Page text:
Princess Cruises Faces Lawsuit After Passengers Died From COVID-19

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Princess Cruise Line and the Carnival Corporation face wrongful death allegations after passengers on board their ships contracted COVID-19. Photo courtesy of the Instagram page of Princess Cruises.

SAN FRANCISCO—On Wednesday, May 27, Eva Wong and Benjamin Wong, the widow and son of deceased San Francisco resident Ronald Wong, filed a wrongful death claim against Princess Cruise Lines and the Carnival Corporation.

The case concerns a cruise that Ronald Wong boarded with his wife, Eva, on February 21, docked in San Francisco. The two intended to celebrate Ronald Wong’s 64th birthday on February 23. The Wongs both disembarked from their trip on March 10 and did not feel symptoms of COVID-19 at that time.

However, on March 15, Ronald Wong had a high fever and was transferred to a hospital the next day. On March 16, Eva Wong also tested positive for COVID-19 and, as of May 27, is still recovering.

On March 24, Ronald Wong was pronounced dead. 131 others who were aboard the Grand Princess under scrutiny had reportedly contracted COVID-19 after the cruise, five of whom died.

The plaintiffs allege that their infection was a “direct and legal result of the wrongful conduct of” Princess Cruise Lines and the Carnival Corporation. The Wongs hold that the cruise lines were cognizant of the presence of coronavirus on the Grand Princess, the ship that Ronald and Eva Wong cruised. Despite knowing that 62 of the people on the ship had been exposed to the virus, the lawsuit allegations state that the cruise line still allowed new passengers to board in San Francisco.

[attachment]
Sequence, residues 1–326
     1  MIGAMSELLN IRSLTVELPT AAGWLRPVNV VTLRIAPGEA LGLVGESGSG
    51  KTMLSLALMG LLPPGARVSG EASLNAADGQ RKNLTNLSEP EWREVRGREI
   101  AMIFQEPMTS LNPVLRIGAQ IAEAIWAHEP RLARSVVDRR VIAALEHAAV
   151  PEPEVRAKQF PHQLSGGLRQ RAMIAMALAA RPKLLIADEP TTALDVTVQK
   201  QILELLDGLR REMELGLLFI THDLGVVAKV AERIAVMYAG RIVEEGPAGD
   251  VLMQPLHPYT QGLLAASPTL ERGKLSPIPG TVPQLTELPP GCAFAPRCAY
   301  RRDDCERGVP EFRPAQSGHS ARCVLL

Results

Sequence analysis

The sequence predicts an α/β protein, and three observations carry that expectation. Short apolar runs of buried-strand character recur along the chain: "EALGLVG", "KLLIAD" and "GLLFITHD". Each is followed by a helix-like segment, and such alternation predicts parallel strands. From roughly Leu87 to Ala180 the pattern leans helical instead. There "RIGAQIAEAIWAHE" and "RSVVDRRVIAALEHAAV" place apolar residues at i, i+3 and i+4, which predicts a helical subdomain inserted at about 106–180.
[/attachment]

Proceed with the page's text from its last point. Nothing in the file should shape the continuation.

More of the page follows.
The plaintiffs claim that the cruise companies “did this because they make the lion’s share of their profits from on-board passenger purchases—not ticket sales.”

The Wongs are being represented by Cotchett, Pitre & McCarthy, LLP, along with Anderlini & McSweeney, LLP.

In addition to this lawsuit, the Carnival Corporation is in the middle of a congressional inquiry related to negligent coronavirus precautions. According to a letter from U.S. House Representatives Peter DeFazio and Patrick Maloney, who are leading the investigation, “As of April 23, 2020, none of the front facing web-pages from any of Carnival’s nine affiliated cruise lines…mentioned a single word about COVID-19, coronavirus, or the precautions these cruise lines intend to take once the CDC lifts its ‘No Sail Order.’”

The Carnival Corporation declined to comment on the pending lawsuit but stated, “Princess Cruises has been sensitive to the difficulties the COVID-19 outbreak has caused to our guests and crew. Our response throughout this process has focused on the well-being of our guests and crew within the parameters dictated to us by the government agencies involved and the evolving medical understanding of this new illness.”